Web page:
PIAZZA DELLA ROTONDA
The Pantheon is second only to the Colosseum in sheer scale and the extent to which it has been preserved. Believed to have been built in the 2nd century CE by Emperor Hadrian, the Pantheon was a temple built to honour all gods.
As the Romans conquered the world and increasingly came into contact with other religions, rather than persecuting these religious minorities, the Romans adopted their belief systems alongside their own. The Pantheon was originally a place where any Roman could go to worship, regardless of who or what they believed in. Indeed, the very word Pantheon is a hybrid of the Greek words ‘pan’ meaning all and ‘theos’ meaning god. The inscription on the outside of the building reads, “Marcus Agrippa, son of Lucius, consul for the third time built this,” which is a reference to one of Rome’s greatest statesmen, a close friend and son-in-law of first Roman Emperor Augustus, who built the original temple on which the current Pantheon now stands.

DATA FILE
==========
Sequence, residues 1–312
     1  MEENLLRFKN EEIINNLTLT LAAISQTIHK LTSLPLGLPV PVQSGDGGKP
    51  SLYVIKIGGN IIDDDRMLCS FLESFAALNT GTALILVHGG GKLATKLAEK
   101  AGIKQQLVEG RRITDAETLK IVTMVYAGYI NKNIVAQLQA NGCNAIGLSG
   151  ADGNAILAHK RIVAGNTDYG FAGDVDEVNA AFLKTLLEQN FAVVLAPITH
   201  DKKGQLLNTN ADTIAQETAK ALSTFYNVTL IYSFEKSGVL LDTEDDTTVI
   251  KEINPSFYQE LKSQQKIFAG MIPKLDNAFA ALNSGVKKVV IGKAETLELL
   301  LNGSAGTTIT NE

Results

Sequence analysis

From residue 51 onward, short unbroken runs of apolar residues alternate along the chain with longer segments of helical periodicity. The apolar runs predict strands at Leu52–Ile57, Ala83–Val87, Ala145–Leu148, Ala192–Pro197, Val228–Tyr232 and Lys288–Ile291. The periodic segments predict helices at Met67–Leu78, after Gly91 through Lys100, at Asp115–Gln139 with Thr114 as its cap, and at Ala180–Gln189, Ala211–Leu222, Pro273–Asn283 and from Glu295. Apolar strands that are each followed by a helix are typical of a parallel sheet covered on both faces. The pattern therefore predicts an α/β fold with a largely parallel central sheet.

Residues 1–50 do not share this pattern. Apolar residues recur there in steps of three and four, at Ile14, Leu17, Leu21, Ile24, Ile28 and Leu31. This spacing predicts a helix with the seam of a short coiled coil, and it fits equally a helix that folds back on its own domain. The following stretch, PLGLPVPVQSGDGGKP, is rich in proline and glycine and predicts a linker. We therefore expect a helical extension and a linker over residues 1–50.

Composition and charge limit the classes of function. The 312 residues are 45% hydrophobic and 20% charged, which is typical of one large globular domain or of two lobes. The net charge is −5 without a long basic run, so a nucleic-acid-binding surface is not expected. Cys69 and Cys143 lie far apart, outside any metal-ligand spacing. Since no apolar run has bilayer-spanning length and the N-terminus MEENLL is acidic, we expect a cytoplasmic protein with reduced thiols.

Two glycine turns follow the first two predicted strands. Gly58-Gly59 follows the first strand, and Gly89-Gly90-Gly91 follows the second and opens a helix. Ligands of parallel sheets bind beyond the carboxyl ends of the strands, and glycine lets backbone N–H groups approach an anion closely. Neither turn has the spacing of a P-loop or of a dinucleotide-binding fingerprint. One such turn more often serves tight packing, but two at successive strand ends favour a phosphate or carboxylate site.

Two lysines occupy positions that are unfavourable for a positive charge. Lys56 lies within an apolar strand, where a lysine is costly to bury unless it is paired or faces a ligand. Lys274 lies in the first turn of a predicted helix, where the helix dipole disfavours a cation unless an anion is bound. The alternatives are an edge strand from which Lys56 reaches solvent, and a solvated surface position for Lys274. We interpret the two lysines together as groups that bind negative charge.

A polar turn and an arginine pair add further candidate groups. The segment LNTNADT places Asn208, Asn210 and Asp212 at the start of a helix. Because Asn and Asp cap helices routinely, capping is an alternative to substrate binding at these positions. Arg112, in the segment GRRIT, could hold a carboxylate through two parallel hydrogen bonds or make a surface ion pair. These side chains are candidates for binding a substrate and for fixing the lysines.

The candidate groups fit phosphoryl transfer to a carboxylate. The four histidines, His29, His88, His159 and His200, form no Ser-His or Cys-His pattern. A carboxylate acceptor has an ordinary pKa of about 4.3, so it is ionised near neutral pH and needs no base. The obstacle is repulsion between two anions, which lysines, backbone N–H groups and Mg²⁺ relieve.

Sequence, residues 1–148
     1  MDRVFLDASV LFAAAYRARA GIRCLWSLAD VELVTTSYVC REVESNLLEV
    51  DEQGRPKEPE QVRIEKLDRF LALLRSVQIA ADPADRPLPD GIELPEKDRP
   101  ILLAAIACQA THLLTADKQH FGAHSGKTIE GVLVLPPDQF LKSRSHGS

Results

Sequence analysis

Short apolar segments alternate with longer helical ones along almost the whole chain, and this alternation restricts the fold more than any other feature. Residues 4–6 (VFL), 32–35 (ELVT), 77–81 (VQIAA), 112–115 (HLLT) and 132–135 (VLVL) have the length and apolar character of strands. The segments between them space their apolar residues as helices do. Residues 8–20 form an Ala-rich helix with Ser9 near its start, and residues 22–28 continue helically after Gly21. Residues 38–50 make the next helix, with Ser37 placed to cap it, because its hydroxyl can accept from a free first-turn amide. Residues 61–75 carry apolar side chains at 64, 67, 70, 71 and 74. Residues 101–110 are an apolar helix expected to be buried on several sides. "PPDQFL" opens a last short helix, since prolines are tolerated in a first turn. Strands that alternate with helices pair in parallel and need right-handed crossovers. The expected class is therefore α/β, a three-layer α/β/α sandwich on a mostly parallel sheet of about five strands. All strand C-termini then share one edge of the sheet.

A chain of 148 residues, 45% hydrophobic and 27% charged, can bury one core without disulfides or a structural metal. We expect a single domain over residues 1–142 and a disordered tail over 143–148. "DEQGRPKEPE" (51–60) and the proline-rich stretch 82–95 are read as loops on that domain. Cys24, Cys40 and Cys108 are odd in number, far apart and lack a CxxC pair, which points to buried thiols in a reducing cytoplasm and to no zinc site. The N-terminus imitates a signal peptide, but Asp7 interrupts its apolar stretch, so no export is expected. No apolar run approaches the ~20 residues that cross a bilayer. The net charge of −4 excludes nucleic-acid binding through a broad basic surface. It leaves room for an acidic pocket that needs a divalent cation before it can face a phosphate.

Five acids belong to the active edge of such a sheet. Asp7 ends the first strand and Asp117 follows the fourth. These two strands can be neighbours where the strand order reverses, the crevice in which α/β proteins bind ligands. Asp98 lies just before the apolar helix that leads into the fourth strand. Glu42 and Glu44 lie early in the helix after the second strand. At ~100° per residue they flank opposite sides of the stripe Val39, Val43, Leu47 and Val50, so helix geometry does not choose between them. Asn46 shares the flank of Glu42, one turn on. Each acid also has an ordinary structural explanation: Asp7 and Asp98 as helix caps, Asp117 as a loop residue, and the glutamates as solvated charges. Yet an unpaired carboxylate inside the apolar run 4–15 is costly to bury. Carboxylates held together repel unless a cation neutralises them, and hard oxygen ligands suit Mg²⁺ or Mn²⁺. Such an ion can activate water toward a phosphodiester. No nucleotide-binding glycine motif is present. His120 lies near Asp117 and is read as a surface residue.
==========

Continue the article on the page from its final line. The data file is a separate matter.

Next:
Some of the interior has been remodelled over the years – the shrines to the Roman gods of the planets were replaced with Christian icons when Rome converted – the marble floor and the huge dome under which the building sits are both original. The hole in the roof, or ‘Oculus’, streams in sunlight and may have been intended as a giant sundial.
Admission is free. Open daily from 8.30am-7.30pm on weekdays and Saturdays and at 9am-6pm on Sundays.
The Pantheon remains a holy place – a Catholic church
2,000 years on, the dome remains awe inspiring